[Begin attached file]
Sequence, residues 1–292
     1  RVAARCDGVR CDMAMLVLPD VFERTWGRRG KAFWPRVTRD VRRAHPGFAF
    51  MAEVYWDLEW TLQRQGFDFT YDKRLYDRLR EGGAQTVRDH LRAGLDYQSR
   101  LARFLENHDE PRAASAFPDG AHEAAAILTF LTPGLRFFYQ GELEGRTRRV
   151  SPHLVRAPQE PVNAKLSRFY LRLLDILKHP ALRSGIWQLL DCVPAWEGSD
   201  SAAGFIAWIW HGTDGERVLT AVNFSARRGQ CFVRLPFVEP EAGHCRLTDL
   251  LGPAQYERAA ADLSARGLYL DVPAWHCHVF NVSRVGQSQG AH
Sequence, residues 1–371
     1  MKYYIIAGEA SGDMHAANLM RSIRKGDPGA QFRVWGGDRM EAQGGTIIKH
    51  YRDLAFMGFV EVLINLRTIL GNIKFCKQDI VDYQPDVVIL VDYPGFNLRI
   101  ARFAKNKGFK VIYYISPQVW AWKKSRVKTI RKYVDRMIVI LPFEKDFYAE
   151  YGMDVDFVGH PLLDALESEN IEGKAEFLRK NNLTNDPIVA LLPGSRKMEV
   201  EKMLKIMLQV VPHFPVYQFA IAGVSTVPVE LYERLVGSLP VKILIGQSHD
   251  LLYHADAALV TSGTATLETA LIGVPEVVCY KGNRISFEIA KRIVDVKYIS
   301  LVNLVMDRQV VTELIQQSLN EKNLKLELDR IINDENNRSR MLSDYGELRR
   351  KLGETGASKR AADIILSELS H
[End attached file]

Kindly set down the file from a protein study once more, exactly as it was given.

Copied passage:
Sequence, residues 1–292
     1  RVAARCDGVR CDMAMLVLPD VFERTWGRRG KAFWPRVTRD VRRAHPGFAF
    51  MAEVYWDLEW TLQRQGFDFT YDKRLYDRLR EGGAQTVRDH LRAGLDYQSR
   101  LARFLENHDE PRAASAFPDG AHEAAAILTF LTPGLRFFYQ GELEGRTRRV
   151  SPHLVRAPQE PVNAKLSRFY LRLLDILKHP ALRSGIWQLL DCVPAWEGSD
   201  SAAGFIAWIW HGTDGERVLT AVNFSARRGQ CFVRLPFVEP EAGHCRLTDL
   251  LGPAQYERAA ADLSARGLYL DVPAWHCHVF NVSRVGQSQG AH
Sequence, residues 1–371
     1  MKYYIIAGEA SGDMHAANLM RSIRKGDPGA QFRVWGGDRM EAQGGTIIKH
    51  YRDLAFMGFV EVLINLRTIL GNIKFCKQDI VDYQPDVVIL VDYPGFNLRI
   101  ARFAKNKGFK VIYYISPQVW AWKKSRVKTI RKYVDRMIVI LPFEKDFYAE
   151  YGMDVDFVGH PLLDALESEN IEGKAEFLRK NNLTNDPIVA LLPGSRKMEV
   201  EKMLKIMLQV VPHFPVYQFA IAGVSTVPVE LYERLVGSLP VKILIGQSHD
   251  LLYHADAALV TSGTATLETA LIGVPEVVCY KGNRISFEIA KRIVDVKYIS
   301  LVNLVMDRQV VTELIQQSLN EKNLKLELDR IINDENNRSR MLSDYGELRR
   351  KLGETGASKR AADIILSELS H